Dorian Gray - Matthew Bourne

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From 2 to 14 September 2008, returned from 7 to 19 July 2009 at Sadler's Wells Theatre in London

Matthew Bourne's Dorian Gray returns to London this summer!

Set in the image-obsessed world of contemporary art and politics, this 'black fairy tale' tells the story of an exceptionally alluring young man who makes a pact with the devil.

Amongst London's beautiful people, Dorian Gray is the 'It Boy' - an icon of beauty and truth in an increasingly ugly world. The destructive power of beauty, the blind pursuit of pleasure and the darkness and corruption that lie beneath the charming fašade; the themes behind Wilde's cautionary tale have never been more timely.

Matthew Bourne's dance theatre retelling of Oscar Wilde's gothic fable was a sell-out success at Sadler's Wells Theatre in 2008 and was the most highly attended dance event ever at the Edinburgh International Festival.

This was Matthew Bourne's first new production in three years reunites him with designer Lez Brotherston, composer Terry Davies and lighting designer Paule Constable who where the creative team behind the double Olivier award-winning hit Play Without Words at the National Theatre.

Please note that this production of Matthew Bourne's Dorian Gray in London contains adult themes and is therefore not suitable for children under 14.

Matthew Bourne's Dorian Gray was originally staged at the Edinburgh Festival before transferring to London's Sadler's Wells Theatre from 2 to 14 September 2008.

Matthew Bourne, the choreographer of Dorian Gray says: "I'm actually quite scared of Dorian Gray. There isn't a single sympathetic character to lead you through the narrative, which makes it one of the hardest things I've ever worked on. No James [as in the 'romantic wee ballet' Highland Fling], no Cinderella - there's simply no one here you can invest in and go on a journey with. There's no big heart. I'm not approaching Wilde in the way that John Osborne did for the theatre in the 1970s. I'm simply attracted by the themes in Dorian Gray that people will recognise: the obsession with staying young and the depravity and corruption beneath perfection. Dorian Gray is the essential 'It Boy' - an icon of beauty and truth in an increasingly ugly world. Wilde's artist Basil is now a photographer, a Damien Hirst-like figure. and Dorian is going to be an international icon, a poster boy fronting an ad campaign for the new scent, 'Immortal pour Homme'."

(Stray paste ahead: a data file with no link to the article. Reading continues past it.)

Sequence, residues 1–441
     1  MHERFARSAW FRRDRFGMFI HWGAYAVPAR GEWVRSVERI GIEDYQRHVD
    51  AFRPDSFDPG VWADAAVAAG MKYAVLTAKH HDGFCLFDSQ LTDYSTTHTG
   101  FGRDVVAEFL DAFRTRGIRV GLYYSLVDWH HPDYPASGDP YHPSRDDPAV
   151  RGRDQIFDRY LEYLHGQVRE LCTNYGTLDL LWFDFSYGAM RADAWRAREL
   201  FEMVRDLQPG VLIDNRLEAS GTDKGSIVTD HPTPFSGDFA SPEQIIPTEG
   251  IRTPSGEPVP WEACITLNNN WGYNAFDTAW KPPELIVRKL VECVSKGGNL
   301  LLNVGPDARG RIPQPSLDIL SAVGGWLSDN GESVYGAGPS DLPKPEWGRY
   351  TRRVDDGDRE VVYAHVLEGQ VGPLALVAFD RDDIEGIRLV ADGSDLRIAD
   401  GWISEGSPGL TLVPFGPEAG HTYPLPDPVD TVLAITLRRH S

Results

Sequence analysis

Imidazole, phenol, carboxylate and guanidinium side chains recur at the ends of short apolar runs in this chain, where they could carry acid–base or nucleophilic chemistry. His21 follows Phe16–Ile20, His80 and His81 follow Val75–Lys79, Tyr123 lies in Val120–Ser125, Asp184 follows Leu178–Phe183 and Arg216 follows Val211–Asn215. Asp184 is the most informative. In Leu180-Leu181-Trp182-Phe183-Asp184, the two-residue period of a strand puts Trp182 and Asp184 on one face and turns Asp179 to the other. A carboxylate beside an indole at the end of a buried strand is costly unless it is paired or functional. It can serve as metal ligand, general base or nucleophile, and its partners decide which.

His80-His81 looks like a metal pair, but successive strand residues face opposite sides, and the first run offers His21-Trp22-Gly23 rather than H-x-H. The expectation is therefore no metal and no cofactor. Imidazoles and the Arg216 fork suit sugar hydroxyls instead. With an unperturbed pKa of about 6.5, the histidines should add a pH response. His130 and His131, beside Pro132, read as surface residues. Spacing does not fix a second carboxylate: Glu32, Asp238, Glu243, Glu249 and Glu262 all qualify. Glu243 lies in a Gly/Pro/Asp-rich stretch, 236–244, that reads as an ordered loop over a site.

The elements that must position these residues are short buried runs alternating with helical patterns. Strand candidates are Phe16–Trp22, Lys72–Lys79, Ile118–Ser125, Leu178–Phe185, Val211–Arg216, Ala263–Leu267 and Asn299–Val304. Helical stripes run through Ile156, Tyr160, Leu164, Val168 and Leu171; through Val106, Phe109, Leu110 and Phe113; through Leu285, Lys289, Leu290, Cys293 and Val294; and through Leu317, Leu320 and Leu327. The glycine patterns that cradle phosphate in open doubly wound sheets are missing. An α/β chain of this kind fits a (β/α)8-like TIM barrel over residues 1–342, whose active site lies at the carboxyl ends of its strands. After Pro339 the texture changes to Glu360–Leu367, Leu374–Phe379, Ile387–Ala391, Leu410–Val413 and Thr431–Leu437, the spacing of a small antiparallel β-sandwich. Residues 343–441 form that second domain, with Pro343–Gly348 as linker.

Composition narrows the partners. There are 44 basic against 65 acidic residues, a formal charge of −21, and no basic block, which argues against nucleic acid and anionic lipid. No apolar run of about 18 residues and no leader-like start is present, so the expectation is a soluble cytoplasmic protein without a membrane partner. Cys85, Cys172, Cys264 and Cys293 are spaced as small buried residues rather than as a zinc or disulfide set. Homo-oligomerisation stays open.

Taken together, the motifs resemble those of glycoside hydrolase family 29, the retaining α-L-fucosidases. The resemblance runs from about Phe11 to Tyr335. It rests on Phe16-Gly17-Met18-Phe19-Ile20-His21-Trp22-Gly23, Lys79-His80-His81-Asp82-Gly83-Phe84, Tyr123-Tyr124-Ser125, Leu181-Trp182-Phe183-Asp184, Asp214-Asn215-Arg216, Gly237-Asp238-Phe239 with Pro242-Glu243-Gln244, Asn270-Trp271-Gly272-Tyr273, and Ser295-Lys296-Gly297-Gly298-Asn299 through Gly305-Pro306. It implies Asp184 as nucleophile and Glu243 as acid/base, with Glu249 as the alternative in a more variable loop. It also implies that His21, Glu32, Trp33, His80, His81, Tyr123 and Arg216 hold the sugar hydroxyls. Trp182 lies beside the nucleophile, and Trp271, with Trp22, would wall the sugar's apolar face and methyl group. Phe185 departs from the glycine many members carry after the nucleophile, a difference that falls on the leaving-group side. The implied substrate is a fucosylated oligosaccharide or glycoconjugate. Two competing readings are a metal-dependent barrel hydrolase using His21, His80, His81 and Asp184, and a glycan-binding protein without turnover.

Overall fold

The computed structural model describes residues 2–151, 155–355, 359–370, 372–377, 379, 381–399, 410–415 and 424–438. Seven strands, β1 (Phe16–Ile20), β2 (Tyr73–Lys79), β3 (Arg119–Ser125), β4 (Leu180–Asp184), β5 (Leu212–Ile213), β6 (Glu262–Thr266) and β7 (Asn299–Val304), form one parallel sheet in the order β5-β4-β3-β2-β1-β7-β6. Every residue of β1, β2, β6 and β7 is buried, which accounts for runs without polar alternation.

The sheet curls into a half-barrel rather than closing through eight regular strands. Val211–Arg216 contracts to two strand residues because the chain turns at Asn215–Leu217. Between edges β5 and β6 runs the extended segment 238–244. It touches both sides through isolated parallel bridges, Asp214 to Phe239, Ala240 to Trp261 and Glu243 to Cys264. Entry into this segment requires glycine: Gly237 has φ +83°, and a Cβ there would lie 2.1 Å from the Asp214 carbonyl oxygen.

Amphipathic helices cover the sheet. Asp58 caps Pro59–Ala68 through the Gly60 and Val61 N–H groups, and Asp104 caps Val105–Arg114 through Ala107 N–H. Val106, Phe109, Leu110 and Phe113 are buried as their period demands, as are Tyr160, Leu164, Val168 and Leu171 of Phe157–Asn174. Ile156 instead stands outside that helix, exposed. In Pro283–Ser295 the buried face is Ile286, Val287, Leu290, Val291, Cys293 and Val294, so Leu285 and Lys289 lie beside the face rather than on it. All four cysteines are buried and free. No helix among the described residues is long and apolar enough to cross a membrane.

"Dorian Gray updates Oscar Wilde's fable of the picture in the attic, moving the story to a modern world of fashion and photography... Matthew Bourne is a deft story-teller, with sharp characterisation and witty detail. Yet his choreography isn't really about steps. His greatest gift is showing character through movement. How his dancers stand, how they look at each other, matters more than the footwork. Dorian Gray's pure dance scenes - and there are far too many of them - are all padding. Catwalk models pose, or go through generic jumps and turns. Dorian's romantic dreams of an affair with Cyril are tedious. When Bourne shows us the reality, it's awkward, much less dancey, but gripping." The Independent

"Lez Brotherston's revolving set allows Bourne to jump-cut easily from scene to scene, and these hyperactive gear changes are smoothly enhanced by Paule Constable's understatedly dramatic lighting... Bourne's dancemaking is at its best in the boy-on-boy duets and in Dorian's narcissistic solo with a camera. The ensembles would pass muster in a musical, but the largely gesture-based routines are repetitive and overlong... By trying to tackle the many undercurrents of the novel, Bourne quite simply loses the plot, crowding his scenario with incident and denying his over-stereotyped characters the space they need to develop." The Sunday Telegraph